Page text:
According to the press release just received from First Judicial Trial Court Administrator Karlene Behringer:

The applicants will be interviewed on Thursday, October 30, 2014, beginning at 9:00 a.m.  in Room 1A and 1B of the Kootenai County Administration Building, 451 Government Way, Coeur d’Alene, Idaho, 83814. The interviews will be open to the public. However, the deliberations will not be open to the public.

Here is some information about the First Judicial District Magistrate’s commissioners who will be conducting the interviews.  TCA Behringer stated:  “Please note that Judge Mitchell will be filling in for Judge Haynes.”

October 26, 2014

Manipulation 101: “Forced Teaming”

Filed under: Probable Cause — Bill @ 1:10 pm

hellotagForced teaming is a tactic used by manipulators to make them appear to have as much as possible in common with their intended victims to gain their confidence.  Manipulators intent on deception and exploitation will try to ingratiate themselves with their intended victims by falsely appearing to have much in common with them and appearing to have the intended victim’s best interests at heart.

Repeatedly using “we” or other words and phrases indicating affinity or close association when interacting with intended victims is a strong indicator of forced teaming, particularly when contrasting terms such as “they” and terms of derision such “outsiders” are used to characterize those who might recognize and oppose manipulation.

With that explanation in mind, read the editorial headlined All Together Now in the Sunday, October 26 Coeur d’Alene Press skewspaper.  See how many examples of forced teaming you can find.

Several times each year we refer people to an excellent book entitled The Gift of Fear authored by Gavin de Becker. His book focuses on helping people recognize and respond appropriately to the signals that people often overlook or intentionally ignore with the result that the person becomes a victim of a predator.   Pay particular attention to the major heading labeled “Forced Teaming”  in Chapter 4 – Survival Signals.  Although de Becker wrote the book primarily to help people avoid becoming victims of violence at the hands of stalkers and unwanted pursers,  his observations and recommendations are useful to help readers recognize when they are being manipulated for other purposes as well.

October 22, 2014

Good Grief, Mike Patrick

Filed under: Probable Cause — Tags: — Bill @ 8:22 am

Investigations-FactsIt’s no secret that OpenCdA has complete disdain for the Coeur d’Alene Press.   That’s why we regularly refer to it as a skewspaper.  A newspaper reports facts; the Press — not so much.

The latest example of the Press’s indifference to factual reporting can be found in today’s story headlined Arfee owner sues city over dog’s death.  The article by Keith Cousins states, “A Washington-based attorney for Craig Jones, owner of the dog shot and killed by Officer Dave Kelley, has filed a lawsuit seeking at least $350,000 from the city of Coeur d’Alene.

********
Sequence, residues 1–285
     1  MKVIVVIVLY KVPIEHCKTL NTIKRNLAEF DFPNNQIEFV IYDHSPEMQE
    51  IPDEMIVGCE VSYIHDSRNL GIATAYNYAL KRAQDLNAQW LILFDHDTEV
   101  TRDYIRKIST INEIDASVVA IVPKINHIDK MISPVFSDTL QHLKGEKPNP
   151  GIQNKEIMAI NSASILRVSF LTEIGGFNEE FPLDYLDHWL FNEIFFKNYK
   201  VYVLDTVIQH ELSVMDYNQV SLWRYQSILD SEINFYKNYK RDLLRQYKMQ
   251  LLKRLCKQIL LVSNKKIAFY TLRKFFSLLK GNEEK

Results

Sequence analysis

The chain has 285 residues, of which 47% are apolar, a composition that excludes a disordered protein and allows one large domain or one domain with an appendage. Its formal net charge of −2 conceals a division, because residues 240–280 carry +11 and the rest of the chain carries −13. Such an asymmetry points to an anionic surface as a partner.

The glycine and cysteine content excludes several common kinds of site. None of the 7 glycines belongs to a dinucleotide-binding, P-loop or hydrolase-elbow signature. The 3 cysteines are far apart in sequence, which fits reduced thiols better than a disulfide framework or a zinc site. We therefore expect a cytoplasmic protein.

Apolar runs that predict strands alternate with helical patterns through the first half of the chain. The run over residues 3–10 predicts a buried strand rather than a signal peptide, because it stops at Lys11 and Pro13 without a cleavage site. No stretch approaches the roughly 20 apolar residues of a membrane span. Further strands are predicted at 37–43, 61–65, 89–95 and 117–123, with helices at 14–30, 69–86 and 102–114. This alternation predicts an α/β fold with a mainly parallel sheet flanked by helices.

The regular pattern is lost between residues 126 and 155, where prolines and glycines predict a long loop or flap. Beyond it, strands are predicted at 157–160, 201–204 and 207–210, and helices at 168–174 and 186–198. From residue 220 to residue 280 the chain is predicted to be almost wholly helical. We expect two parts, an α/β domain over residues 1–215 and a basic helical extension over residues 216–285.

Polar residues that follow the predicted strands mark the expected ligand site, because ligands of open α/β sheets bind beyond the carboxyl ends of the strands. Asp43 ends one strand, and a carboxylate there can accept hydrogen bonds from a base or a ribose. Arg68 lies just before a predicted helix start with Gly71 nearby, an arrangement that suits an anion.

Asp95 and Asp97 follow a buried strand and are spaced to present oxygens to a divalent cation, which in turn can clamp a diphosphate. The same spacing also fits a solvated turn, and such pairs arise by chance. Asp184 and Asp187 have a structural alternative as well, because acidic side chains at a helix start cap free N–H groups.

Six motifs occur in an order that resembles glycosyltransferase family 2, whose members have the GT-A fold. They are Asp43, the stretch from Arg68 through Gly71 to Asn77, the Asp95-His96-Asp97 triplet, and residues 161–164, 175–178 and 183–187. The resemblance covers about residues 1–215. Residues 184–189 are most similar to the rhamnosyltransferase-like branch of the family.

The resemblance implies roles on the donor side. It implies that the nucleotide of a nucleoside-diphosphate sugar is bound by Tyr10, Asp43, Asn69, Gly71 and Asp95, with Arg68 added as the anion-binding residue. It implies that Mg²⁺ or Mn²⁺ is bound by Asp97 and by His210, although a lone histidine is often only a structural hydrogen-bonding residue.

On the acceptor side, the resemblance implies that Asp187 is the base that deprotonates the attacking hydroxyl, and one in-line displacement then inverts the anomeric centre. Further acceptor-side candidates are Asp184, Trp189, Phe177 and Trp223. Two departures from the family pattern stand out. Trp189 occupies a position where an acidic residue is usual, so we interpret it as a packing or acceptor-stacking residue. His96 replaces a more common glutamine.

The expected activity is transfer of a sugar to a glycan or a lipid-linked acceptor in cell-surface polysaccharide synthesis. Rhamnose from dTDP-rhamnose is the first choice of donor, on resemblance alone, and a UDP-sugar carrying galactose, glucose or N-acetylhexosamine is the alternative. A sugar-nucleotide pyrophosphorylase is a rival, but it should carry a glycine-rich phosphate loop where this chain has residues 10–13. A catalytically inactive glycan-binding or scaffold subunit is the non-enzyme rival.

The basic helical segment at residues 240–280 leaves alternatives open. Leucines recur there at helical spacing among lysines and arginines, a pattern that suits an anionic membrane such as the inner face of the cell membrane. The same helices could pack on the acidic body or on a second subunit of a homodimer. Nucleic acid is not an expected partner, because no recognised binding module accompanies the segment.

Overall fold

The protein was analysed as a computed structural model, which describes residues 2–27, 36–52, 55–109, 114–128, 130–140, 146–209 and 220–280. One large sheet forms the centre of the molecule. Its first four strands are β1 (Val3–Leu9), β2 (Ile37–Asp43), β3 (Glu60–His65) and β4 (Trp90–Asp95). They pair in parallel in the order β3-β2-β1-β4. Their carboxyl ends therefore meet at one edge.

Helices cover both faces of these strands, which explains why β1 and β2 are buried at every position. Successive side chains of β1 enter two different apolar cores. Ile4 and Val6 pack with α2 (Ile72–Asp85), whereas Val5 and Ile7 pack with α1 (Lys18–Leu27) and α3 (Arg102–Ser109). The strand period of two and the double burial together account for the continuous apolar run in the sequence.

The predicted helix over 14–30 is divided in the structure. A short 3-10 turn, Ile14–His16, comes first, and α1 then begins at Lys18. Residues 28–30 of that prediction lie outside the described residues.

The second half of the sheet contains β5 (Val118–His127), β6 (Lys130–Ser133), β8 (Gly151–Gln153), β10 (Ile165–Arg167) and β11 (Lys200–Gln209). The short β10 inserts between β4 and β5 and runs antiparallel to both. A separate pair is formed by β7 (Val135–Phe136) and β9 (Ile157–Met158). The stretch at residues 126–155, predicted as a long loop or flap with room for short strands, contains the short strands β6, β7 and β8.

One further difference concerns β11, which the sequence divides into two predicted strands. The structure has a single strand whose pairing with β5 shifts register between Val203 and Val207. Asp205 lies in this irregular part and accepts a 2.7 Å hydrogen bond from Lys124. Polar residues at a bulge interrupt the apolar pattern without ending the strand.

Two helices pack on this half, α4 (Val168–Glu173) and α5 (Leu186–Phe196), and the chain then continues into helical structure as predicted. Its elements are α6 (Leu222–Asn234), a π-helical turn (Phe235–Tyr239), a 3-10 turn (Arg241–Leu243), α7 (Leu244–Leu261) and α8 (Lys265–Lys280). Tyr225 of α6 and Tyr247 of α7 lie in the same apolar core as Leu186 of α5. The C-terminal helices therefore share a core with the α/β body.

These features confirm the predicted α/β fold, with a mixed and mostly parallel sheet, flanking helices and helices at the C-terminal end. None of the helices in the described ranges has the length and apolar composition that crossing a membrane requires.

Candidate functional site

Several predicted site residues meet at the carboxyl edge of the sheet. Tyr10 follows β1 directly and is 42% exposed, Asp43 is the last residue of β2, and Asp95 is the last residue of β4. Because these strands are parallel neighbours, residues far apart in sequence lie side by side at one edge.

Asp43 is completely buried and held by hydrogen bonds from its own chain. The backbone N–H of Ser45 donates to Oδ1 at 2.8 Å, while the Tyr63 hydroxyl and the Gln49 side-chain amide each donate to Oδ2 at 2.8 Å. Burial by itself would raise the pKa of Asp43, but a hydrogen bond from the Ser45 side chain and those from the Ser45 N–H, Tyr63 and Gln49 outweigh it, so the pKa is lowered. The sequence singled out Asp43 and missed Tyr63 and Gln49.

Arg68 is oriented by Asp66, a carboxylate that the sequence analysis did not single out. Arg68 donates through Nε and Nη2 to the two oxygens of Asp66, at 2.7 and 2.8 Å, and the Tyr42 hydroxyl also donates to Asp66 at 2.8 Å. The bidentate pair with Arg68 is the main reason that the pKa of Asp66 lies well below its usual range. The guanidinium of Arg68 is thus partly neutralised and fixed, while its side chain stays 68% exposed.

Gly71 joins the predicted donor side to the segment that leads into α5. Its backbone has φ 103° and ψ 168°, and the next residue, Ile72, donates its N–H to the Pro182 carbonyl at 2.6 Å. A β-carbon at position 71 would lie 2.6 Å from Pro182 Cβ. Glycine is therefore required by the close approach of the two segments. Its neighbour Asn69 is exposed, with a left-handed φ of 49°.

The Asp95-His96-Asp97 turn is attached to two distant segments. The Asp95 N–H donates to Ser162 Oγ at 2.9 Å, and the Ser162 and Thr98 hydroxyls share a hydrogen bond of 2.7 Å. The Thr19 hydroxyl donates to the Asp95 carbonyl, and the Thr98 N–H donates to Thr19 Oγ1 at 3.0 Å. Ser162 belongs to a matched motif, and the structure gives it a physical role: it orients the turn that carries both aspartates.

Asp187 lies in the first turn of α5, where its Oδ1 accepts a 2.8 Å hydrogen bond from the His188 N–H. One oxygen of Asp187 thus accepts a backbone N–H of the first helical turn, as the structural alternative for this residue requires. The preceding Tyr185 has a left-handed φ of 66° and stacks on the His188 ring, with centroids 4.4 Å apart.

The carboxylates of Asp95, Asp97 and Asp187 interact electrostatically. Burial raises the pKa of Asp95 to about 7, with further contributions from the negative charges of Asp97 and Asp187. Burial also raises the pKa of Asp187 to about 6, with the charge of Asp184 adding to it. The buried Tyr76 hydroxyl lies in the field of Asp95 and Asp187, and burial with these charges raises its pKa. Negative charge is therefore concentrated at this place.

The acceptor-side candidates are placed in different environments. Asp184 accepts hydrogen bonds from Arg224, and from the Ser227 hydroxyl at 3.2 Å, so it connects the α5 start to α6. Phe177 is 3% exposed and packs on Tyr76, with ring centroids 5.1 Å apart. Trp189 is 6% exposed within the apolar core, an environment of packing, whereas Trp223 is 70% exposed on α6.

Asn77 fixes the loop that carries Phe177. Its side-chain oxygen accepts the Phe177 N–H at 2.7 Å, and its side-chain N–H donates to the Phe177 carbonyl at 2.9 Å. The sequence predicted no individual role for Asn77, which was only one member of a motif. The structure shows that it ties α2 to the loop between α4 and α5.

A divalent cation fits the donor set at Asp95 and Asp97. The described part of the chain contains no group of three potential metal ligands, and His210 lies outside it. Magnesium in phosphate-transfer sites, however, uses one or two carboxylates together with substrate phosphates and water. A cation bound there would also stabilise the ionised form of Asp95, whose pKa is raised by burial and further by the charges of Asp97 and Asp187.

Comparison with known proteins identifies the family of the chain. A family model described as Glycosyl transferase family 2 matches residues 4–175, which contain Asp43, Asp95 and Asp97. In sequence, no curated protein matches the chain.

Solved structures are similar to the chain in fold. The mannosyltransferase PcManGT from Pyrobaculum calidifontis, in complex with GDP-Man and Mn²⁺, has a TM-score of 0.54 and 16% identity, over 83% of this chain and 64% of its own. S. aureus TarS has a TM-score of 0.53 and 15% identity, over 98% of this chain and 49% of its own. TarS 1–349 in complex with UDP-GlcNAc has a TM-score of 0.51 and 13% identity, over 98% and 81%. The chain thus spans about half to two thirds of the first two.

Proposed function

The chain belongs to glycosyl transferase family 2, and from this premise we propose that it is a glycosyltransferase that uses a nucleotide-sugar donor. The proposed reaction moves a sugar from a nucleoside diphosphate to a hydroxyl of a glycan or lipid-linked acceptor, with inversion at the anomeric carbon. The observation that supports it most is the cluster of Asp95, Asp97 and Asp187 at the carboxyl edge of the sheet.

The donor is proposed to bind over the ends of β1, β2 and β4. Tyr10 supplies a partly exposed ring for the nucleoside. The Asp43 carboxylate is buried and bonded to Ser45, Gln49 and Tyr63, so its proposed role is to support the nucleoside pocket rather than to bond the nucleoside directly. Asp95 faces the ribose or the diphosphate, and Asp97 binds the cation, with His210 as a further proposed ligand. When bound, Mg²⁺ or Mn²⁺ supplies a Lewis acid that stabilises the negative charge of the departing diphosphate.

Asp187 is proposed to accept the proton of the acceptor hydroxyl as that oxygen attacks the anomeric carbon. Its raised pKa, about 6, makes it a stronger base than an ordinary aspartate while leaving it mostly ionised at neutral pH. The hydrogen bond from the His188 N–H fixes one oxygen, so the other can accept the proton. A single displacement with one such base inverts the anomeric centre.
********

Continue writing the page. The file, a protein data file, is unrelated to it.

Really?  In which court has this “lawsuit” been filed?

We ask, because in contrast to the Press’s “close enough for Coeur d’Alene” version of facts, The Spokesman-Review is reporting in its story headlined Owner files $350,000 claim in police shooting of dog Arfee that Arfee’s owner Craig Jones has filed a claim, not a lawsuit.  There is a difference.  Here is a copy of the Notice of Claim filed with the City.  If the City denies or otherwise disputes Mr. Jones’ claim and if they cannot reach an agreeable settlement, then a lawsuit may be filed.

The Spokesman-Review article reported that if and when a lawsuit is filed against the City, it will likely be in federal court.  A check of PACER reveals no federal lawsuit filing by Mr. Jones, but that would be a smart move by Mr. Jones.  Our guess, however, is that the City and Mr. Jones will reach a claim settlement acceptable to both.  It will be fascinating to see if and how the Coeur d’Alene Press reports it.

October 20, 2014

Why Only Now?

Filed under: Probable Cause — Bill @ 2:19 pm

Ebola_virus_emOn Wednesday, October 15, President Obama  “ordered the U.S. Centers for Disease Control and Prevention to create a ‘SWAT team’ to be ready to deploy anywhere in the country to help local healthcare systems respond to any Ebola cases.”  This according to the Los Angeles Times article headlined Obama tells CDC he wants Ebola “SWAT team” ready to go anywhere.

Then on Sunday, October 19, the Defense Department announced it “…will create a 30-person team of medical experts that could quickly leap into a region if new Ebola cases emerge in the United States, providing support for civilian doctors who lack proficiency in fighting the deadly virus.”  This was reported in the Washington Post article headlined Pentagon plans Ebola domestic response team of medical experts to aid doctors.

Why does President Obama think it is necessary to reinvent the concept of a tactical response team?  If he had competent cabinet members, he would know that it was done long ago in response to both nuclear and biological emergencies.  He already has all the tools and teams he needs. (more…)